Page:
Navigating for Pasifika in Education – Conversations with Mentors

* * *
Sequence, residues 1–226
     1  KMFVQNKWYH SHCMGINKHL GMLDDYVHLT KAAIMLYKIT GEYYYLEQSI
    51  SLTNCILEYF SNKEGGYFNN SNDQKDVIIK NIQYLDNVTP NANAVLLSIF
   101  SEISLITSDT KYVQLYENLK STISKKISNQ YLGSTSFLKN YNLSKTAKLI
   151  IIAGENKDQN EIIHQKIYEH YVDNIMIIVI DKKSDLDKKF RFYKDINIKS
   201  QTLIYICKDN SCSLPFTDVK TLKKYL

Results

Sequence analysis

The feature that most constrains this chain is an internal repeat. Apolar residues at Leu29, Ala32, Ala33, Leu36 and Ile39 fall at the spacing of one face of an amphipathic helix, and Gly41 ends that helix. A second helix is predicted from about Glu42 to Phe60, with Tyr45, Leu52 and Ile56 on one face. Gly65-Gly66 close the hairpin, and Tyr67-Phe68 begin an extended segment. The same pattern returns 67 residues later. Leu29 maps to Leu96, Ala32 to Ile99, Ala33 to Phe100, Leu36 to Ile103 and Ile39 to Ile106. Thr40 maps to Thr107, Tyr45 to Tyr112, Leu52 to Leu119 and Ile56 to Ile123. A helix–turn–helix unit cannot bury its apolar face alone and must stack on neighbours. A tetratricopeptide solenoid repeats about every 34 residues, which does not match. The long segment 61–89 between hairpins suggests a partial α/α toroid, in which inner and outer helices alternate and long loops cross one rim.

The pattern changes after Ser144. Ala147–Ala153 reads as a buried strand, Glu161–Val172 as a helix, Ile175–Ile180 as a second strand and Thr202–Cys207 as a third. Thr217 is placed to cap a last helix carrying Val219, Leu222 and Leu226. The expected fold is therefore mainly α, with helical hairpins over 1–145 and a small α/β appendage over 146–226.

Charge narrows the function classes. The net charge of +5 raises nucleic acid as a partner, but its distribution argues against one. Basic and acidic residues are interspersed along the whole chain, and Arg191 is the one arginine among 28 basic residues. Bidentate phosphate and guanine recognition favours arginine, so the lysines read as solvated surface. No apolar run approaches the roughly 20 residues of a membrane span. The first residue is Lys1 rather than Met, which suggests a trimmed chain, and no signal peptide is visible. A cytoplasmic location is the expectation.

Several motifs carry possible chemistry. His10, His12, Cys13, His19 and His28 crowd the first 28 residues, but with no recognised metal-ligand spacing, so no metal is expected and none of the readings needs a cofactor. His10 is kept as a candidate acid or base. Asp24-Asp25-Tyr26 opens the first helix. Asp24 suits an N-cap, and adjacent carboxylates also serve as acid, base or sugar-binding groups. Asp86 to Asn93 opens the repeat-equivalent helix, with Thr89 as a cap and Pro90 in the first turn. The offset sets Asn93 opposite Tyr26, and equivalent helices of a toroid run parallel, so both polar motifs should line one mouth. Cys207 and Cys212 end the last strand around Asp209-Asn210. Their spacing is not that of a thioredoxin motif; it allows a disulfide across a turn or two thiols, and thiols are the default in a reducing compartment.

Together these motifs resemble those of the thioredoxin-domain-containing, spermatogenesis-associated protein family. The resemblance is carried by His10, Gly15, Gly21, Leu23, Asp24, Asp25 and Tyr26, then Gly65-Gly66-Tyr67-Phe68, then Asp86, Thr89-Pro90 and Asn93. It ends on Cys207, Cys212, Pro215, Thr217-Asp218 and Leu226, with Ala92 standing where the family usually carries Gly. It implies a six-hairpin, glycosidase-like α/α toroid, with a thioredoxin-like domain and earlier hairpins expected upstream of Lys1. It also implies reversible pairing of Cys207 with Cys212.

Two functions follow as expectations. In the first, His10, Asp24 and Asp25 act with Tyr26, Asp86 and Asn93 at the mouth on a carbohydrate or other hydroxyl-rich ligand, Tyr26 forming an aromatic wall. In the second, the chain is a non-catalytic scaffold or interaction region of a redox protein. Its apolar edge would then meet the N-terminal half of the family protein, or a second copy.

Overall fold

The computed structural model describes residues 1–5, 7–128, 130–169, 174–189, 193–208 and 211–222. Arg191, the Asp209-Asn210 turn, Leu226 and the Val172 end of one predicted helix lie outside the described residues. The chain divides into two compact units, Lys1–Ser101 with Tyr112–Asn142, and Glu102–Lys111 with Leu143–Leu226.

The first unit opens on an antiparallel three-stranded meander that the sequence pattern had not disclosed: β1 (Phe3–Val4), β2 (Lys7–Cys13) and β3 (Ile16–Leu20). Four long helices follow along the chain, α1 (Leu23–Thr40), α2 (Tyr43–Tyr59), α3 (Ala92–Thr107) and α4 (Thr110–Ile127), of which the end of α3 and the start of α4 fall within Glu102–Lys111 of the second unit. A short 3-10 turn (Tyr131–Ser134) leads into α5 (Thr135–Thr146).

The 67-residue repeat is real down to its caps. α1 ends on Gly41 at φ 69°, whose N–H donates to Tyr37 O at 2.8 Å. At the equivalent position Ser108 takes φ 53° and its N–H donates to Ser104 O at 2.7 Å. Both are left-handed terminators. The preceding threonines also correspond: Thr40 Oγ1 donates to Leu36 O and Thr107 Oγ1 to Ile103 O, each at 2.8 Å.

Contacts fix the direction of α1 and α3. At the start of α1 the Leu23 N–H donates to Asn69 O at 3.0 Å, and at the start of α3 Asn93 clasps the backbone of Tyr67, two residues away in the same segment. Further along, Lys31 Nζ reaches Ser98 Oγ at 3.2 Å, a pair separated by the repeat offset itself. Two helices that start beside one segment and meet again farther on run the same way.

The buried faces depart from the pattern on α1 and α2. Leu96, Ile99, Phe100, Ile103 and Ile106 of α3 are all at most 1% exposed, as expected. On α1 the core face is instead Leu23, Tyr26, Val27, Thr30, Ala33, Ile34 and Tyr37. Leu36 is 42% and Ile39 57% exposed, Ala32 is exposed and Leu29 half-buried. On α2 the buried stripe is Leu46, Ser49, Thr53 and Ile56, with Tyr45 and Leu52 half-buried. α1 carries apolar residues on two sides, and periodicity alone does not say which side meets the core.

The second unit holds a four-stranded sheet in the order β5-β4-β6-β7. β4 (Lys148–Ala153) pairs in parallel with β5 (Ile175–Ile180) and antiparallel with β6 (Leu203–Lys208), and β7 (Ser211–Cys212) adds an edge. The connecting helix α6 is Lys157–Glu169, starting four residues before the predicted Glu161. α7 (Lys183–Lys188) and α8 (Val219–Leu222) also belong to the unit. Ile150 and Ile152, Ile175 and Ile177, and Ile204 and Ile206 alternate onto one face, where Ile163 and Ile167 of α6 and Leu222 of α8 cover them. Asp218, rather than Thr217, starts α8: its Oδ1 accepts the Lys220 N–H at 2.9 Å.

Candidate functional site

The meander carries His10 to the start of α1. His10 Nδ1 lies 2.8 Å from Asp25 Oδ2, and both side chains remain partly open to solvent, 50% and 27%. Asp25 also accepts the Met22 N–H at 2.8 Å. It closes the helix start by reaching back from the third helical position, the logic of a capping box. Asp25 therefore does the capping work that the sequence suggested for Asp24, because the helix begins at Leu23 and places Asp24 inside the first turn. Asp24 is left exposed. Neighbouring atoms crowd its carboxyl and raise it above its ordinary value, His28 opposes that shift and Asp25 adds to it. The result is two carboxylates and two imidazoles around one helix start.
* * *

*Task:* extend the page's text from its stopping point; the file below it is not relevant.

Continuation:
This study explored how schools can disrupt current practice to improve outcomes for Pasifika. The study identified the mind shift that needs to take place in schools by teachers, its leaders, and the community the school serves to improve outcomes for Pasifika and the characteristics that teachers can possess to be able to work effectively with Pasifika. A qualitative methodology was employed for this research using semi structured interviews of four key adults who work closely with Pasifika students in a school. Purposive sampling was used as a method to select these adults because they all have unique roles in the school that require a close working relationship with our Pasifika community. The findings from this study indicate that teachers and leaders must firstly be conscious about the part they play in constructing and reinforcing the stereotypes for Pasifika before they are able to improve outcomes for Pasifika. The findings identified some significant knowledge and attributes that teachers need or can build upon to work successfully with Pasifika in schools. In this way, educators would be demonstrating vā and then to teu le vā so that they can navigate Pasifika through education.